A BritMums blogger found herself at the centre of a hotly-debated topic over the last couple of days, and has documented the discussion on her blog, scottishmum.com. After seeing a fellow Twitter user sharing images of a stranger’s overweight children in a supermarket, Scottish Mum asked if this was really acceptable, and stirred a range of conflicting and often emotive arguments…
“It’s simple for me, but not for all,” she says.
A couple of photographers even responded angrily to Scottish Mum’s reaction. “As far as they are concerned,” she says, “they are going to take pictures of anyone, anywhere, and do whatever they want with them, including anybody’s kids that they take pictures of.
“As far as they are concerned, people like me who would like to be asked before their kids pics were put on the internet are idiots.
“In my view, the least anyone can do morally and ethically is to ask permission of parents of children that you are taking pictures of, if it is okay to use them in a public online place. Many, many people have valid reasons for NOT wanting recognisable pictures of their children posted online. I don’t think it’s an unreasonable expectation to want to be asked before for such an intrusion.”
One person who disagreed suggested that just because Scottish Mum had children, she did not have the right to take the moral high ground. “The other told me that we shouldn’t go out in public if we don’t want to be photographed!”
Scottish Mum says that the photography students she debated with have been told that pictures taken in a public place are fair game, and that it is up to their “own code of ethics and morality” what they then do with them.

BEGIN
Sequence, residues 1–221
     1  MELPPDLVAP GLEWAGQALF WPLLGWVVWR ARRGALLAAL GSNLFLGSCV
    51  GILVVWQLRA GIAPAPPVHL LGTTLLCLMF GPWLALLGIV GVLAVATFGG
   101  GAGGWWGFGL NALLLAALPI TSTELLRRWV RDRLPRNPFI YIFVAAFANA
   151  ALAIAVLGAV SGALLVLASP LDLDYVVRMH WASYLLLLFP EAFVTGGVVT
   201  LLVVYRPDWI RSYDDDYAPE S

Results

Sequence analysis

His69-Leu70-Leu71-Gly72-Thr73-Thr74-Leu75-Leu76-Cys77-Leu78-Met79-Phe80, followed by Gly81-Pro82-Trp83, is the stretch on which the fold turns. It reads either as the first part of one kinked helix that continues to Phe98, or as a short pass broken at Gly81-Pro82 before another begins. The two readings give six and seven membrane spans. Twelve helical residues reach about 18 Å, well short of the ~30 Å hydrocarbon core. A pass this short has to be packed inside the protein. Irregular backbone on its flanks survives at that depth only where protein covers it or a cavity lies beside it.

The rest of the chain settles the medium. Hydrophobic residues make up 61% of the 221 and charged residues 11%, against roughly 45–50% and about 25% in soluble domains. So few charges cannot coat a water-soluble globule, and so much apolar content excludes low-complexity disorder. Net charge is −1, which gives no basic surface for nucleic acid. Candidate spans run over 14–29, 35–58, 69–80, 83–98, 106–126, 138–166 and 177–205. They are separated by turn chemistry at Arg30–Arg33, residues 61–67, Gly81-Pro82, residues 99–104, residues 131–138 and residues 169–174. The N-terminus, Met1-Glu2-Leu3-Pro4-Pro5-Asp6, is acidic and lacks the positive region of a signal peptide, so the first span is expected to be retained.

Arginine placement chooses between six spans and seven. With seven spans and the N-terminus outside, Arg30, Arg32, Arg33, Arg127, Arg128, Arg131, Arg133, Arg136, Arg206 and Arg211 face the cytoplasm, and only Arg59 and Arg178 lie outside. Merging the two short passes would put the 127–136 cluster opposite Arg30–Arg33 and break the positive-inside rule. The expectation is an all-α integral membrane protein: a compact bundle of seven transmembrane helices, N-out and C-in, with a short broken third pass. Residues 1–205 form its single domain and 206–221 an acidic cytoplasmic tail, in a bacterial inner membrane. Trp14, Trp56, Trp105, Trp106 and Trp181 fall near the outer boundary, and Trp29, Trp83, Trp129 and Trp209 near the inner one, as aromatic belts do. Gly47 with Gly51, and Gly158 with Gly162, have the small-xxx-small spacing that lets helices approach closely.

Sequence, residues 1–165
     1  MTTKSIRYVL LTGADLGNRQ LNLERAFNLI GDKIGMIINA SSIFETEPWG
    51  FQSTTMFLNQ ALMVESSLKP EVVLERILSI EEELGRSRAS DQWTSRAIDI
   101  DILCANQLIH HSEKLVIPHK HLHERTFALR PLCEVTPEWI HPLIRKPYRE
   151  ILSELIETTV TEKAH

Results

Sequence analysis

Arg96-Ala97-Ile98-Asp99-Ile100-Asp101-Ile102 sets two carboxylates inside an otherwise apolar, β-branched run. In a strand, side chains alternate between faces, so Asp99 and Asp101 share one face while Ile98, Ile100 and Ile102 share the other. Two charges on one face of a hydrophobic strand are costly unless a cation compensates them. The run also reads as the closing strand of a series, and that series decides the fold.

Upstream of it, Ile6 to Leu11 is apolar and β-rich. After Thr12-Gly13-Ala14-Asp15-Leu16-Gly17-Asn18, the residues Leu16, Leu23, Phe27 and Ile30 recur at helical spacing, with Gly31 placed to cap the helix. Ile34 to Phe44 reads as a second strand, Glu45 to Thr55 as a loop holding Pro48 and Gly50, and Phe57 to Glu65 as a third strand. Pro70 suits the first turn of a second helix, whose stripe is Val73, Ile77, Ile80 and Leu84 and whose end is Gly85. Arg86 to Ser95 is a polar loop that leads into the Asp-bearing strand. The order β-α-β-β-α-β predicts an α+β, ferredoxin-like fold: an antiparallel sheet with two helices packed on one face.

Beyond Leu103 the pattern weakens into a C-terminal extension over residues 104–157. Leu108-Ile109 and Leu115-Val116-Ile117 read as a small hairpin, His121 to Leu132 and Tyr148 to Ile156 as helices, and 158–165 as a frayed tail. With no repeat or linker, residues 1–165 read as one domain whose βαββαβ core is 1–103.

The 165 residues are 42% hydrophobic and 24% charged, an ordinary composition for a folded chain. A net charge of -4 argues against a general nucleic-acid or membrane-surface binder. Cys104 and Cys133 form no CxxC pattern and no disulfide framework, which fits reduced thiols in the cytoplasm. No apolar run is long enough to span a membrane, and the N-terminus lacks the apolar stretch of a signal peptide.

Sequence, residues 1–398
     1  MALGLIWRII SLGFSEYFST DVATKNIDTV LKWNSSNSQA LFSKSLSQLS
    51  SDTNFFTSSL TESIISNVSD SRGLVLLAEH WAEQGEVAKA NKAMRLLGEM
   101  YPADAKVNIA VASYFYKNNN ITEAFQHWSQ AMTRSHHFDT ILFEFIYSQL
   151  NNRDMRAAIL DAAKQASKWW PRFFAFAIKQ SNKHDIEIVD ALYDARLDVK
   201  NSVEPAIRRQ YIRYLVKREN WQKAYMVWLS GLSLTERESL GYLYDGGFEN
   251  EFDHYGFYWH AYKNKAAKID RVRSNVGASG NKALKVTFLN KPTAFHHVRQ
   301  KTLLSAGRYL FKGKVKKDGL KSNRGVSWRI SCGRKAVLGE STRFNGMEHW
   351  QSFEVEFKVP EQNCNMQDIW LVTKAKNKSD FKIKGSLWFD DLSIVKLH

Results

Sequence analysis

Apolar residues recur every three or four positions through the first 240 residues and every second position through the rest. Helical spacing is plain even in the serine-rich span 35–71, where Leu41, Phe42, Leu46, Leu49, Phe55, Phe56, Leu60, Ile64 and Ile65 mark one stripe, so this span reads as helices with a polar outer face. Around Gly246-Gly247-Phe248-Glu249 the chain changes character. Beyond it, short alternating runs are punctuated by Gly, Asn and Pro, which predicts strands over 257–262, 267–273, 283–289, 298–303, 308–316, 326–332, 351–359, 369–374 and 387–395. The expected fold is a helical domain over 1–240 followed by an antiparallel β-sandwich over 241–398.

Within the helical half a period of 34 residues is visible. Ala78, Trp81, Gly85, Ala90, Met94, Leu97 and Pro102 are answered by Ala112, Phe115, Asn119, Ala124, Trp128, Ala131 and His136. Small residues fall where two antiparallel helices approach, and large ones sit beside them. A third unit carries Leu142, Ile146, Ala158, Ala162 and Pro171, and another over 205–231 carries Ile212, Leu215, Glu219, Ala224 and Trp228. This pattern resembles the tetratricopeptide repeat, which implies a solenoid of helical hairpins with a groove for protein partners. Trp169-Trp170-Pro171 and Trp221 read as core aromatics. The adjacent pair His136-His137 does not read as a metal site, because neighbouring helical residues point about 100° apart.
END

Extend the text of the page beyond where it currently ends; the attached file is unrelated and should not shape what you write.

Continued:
What is the definition between public and private, would, for example, a wedding reception on the beach be a public or private place?
Scottish Mum received support from many parenting bloggers who felt the same as she did, “that random children should not be used for the sake of someone else’s idea of art.
“To me, if they have to ignore the potential subjects feelings to portray what the photographer wants to, then there is something wrong with using or taking the picture.
“That is my opinion, and I am open to discussing others opinions on the subject which seems to be a huge emotive debate.
“If someone did that to my children I would be furious, and I would hope that if anyone saw pictures of my children on the internet without consent, that someone would stand up for them.”
Read the full account of the experience on Scottish Mum’s blog.
What do you think? Should it be ‘fair game’ for anybody to take pictures of your children when they are out and about, and then share these on the internet? Is there realistically any way of tracking this, let alone preventing it? We’d love to hear your views.